Singapore’s response to the coup and the military crackdown of protestors has been nothing out of the ordinary. From the very beginning of the coup, Minister for Foreign Affairs Vivian Balakrishnan has called on Myanmar’s military government to release the country’s detained civilian leaders including Aung San Suu Kyi and President Win Myint, and for the government to cease the use of force against civilians .
Milder, calibrated responses aside, there have been some strong remarks made by both Prime Minister Lee Hsien Loong and Foreign Minister Vivian Balakrishnan. The former condemned the use of force, calling it “not acceptable” and “disastrous”. Meanwhile, Minister Vivian Balakrishnan called the crackdowns on civilians a “national shame” . Notwithstanding the strong language, Singapore’s response has been largely predictable - one that urges restraint and calls for collective action.
On the other end of the spectrum, there have been voices on the ground for more stringent measures to be implemented by Singapore, particularly from protestors themselves. This is especially because of the high level of engagement between the two countries, most notably in terms of foreign direct investment - Singapore is the largest foreign investor in Myanmar, which stood at more than $350 million USD between October 2020 and January this year .
Protestors were also further enraged when Minister Vivian Balakrishnan rejected the idea of Singapore interfering with business interests on the grounds of politics. His remarks caused a stir on the ground, and led to protests demanding boycotts of Singapore products such as Singapore’s Tiger Beer .
The battle between the ‘can’ and the ‘should’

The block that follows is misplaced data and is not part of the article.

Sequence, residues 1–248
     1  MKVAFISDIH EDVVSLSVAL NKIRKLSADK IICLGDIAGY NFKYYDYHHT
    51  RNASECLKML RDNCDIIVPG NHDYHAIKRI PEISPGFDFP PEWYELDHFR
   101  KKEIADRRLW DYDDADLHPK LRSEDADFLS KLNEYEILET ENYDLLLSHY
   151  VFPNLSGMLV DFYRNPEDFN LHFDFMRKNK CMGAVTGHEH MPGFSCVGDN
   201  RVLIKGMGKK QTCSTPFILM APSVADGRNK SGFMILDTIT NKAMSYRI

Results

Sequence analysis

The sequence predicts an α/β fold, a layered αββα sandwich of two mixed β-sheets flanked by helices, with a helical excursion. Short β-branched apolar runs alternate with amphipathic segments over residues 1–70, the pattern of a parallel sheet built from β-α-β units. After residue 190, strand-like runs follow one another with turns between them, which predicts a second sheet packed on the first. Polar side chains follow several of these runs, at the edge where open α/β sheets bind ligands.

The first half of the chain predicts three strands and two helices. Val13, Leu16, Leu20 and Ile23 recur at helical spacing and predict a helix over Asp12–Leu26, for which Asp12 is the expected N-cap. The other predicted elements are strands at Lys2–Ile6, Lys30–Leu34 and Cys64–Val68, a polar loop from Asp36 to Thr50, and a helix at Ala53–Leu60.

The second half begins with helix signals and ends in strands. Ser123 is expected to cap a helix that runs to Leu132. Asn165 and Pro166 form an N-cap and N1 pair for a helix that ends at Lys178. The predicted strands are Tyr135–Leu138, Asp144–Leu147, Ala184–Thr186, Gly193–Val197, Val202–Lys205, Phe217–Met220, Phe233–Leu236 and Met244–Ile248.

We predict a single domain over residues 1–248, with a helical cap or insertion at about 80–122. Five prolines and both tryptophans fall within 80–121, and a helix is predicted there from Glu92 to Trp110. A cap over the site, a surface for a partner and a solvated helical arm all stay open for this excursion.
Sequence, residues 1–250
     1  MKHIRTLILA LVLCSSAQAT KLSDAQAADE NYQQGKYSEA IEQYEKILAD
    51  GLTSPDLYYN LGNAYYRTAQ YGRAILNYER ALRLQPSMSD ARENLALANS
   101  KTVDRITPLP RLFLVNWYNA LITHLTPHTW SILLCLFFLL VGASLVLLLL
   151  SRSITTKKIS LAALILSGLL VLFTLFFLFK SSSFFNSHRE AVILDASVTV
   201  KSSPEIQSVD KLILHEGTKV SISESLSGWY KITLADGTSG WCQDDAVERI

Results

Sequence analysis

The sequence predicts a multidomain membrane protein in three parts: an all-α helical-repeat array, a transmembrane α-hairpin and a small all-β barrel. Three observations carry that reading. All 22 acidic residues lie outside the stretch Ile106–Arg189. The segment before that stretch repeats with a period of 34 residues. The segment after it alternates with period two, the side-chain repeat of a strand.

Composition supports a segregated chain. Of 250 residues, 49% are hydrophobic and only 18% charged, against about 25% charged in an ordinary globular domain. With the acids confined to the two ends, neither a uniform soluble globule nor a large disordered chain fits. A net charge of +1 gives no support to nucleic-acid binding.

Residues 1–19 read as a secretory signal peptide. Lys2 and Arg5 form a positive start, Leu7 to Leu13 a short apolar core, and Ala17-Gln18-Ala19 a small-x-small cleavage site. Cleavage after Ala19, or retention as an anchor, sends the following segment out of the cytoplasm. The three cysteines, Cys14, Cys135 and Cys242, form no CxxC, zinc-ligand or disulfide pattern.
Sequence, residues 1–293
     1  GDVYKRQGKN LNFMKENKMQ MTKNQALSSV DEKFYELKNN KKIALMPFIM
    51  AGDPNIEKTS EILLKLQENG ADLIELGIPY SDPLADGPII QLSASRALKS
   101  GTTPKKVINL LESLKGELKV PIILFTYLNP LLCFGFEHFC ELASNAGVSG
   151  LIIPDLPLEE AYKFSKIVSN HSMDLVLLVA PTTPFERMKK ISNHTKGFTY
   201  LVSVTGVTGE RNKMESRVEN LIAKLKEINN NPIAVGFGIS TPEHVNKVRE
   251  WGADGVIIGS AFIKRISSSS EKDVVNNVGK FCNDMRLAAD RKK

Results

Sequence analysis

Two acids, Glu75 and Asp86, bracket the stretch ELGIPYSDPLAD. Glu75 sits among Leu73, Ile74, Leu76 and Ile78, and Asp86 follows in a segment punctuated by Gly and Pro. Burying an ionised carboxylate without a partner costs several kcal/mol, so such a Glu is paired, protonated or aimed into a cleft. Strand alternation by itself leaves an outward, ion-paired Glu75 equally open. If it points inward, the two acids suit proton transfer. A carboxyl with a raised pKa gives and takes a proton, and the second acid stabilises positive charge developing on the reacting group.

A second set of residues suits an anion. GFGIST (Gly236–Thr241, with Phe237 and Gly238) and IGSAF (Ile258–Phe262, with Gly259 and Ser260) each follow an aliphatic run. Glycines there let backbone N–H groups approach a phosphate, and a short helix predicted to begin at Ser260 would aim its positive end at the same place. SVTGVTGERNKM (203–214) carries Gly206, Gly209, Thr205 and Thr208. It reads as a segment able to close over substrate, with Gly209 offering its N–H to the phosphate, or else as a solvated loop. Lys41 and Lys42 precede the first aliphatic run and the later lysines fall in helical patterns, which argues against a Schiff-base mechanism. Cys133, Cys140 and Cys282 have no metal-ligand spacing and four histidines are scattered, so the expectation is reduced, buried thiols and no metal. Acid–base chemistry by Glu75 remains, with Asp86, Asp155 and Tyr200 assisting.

The crisis unfolding in Myanmar undoubtedly presents a dilemma for Singapore - having to choose between a moral response to the crisis and one that takes into consideration its practical constraints.
On the one hand, increasing death tolls and an unrelenting crisis has sparked fears that Myanmar would become a failed state. This raises the moral question of whether Singapore should do more on a unilateral basis to prevent the escalation of the crisis. Any unilateral action may likely entail getting Singaporean firms to cut ties with the Myanmar military and its associated businesses . However, acting solely on moral grounds without any consideration for the local context also poses a risk to the wider Burmese population.
US sanctions on Myanmar in the 2000s had exactly this impact. While on one hand US sanctions did little to deter the military regime, on the other hand, it had an adverse impact on the Burmese people. As the country’s economy weakened, the military regime’s ability to provide basic education and healthcare was weakened considerably, which resulted in millions of Burmese being pushed below the poverty line.
Conversely, there are also limits to what Singapore can do. Being a member of ASEAN, Singapore is bound by the principle of non-interference as enshrined in the ASEAN charter. As mentioned earlier, this circumscribes its ability to intervene in the domestic affairs of Myanmar.
In essence, non-interference serves to protect the sovereignty of each country in the ASEAN bloc. For Singapore, in particular, being a small state means that it always has a vested interest in abiding by the principle of non-interference so as to ensure that its own sovereignty is protected, and Singapore has always been keen to promote and uphold the tenets of ASEAN.
A prime example of this would be Singapore’s stance during the Vietnam invasion of Cambodia in 1978. As articulated by former Deputy Prime Minister Wong Kan Seng at the S Rajaratnam lecture in 2011, the invasion of Cambodia by Vietnam was a “direct challenge to the fundamentals'' of Singapore’s foreign policy . In short, in the eyes of Singapore leaders and diplomats, this incident clearly exemplified realist theory in practice - a large country imposing its will on a smaller country through the unseating of a legitimate, albeit brutal government by force and instituting a proxy government.